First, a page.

Computer databases are a lot more efficient because the information (such as your name, age, address, height etc.) are all sorted into categories which makes it easier to find and compare.

Here is an example of a class database we created.


First we thought about the different pieces of information we wanted. We decided to record the following information about ourselves:



Month of birth

Eye colour



Shoe size

We made sure we changed the data type to match the type of field! For example, we changed our ‘hobbies’ field to show up as a list so that we all chose a hobby from the same selection. This would help us when we compared data.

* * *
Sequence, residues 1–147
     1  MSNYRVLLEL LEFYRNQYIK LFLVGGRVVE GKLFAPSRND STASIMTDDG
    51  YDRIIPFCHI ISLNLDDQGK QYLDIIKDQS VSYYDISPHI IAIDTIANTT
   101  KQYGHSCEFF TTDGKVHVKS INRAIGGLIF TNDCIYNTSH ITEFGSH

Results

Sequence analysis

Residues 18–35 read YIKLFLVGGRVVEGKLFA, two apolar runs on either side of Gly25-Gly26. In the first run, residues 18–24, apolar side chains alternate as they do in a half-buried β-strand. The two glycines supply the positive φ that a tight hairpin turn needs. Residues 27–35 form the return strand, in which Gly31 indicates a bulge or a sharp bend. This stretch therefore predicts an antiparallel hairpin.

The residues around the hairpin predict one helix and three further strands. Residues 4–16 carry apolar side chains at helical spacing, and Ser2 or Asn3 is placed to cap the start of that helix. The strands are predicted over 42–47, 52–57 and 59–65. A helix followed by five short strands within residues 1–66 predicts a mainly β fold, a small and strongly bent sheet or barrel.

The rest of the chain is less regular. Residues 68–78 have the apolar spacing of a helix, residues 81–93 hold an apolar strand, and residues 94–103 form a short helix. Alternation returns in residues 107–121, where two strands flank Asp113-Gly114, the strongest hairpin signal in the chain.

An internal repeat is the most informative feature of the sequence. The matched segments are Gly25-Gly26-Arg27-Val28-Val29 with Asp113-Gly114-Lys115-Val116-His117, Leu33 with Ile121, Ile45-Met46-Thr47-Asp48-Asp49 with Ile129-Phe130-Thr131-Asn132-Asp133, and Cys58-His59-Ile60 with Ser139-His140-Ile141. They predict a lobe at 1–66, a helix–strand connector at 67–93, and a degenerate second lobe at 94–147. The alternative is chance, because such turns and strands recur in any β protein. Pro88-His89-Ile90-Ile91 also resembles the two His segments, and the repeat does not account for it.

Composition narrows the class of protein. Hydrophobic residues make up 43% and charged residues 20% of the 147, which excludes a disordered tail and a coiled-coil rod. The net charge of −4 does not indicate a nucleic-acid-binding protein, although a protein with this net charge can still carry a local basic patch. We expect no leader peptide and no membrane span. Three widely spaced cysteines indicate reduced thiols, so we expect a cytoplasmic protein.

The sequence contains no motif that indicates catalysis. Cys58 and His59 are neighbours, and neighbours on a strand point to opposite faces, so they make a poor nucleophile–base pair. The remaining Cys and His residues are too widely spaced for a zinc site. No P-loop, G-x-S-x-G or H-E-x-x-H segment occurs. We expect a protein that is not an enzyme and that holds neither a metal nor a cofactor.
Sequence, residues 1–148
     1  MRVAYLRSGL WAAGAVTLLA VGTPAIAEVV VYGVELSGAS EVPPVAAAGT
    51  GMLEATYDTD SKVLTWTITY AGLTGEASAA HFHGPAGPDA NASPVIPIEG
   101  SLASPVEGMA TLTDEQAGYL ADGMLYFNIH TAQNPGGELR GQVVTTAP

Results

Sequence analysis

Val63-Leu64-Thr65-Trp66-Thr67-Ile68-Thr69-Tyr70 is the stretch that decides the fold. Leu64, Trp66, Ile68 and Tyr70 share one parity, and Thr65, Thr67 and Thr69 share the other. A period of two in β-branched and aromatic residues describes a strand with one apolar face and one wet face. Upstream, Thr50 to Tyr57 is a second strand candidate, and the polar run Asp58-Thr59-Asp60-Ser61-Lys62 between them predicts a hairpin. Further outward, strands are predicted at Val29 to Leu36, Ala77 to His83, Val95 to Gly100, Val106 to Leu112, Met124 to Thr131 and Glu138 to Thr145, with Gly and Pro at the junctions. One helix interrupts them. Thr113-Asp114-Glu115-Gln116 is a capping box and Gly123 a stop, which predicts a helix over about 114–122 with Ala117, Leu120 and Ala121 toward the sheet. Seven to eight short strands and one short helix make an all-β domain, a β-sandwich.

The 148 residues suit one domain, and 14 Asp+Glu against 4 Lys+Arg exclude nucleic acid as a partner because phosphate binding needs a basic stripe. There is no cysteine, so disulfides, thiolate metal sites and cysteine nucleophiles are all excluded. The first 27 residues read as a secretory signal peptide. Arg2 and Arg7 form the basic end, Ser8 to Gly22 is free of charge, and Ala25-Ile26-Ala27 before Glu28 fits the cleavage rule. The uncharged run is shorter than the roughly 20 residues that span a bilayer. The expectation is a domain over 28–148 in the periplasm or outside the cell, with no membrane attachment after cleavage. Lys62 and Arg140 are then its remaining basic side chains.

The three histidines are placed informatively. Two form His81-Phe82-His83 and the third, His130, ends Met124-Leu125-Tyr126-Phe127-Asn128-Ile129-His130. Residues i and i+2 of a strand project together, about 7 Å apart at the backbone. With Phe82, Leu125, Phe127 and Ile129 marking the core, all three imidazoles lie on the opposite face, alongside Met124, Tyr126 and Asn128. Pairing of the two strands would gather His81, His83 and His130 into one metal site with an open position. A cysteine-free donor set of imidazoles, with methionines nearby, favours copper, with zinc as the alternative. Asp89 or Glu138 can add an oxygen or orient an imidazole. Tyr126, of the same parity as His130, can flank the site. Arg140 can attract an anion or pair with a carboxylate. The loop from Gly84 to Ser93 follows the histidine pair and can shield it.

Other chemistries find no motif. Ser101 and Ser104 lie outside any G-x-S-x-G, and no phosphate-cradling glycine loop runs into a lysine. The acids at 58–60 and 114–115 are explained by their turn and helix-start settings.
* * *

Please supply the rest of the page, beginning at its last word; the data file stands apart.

The rest of the class added their data cards with their own information. Once everyone finished, we had a huge database will everybody’s information!

We wanted to use that information to compare data across both classes. In order to do that, we had to create a chart! J2e has lots of charts to choose from. If we wanted to compare between one variable (e.g. compare shoe sizes across the year) we used a bar chart. If we wanted to compare two different variables, we used a line or scatter graph.

Here are some of our results presented in different charts and graphs!

Staying stafe while having fun online

This week, year 4 have been learning about age restrictions and why it is important to read the terms and conditions.

Websites and gaming companies always share the terms and conditions. This is a document that outlines the agreement between the user (you) and the company.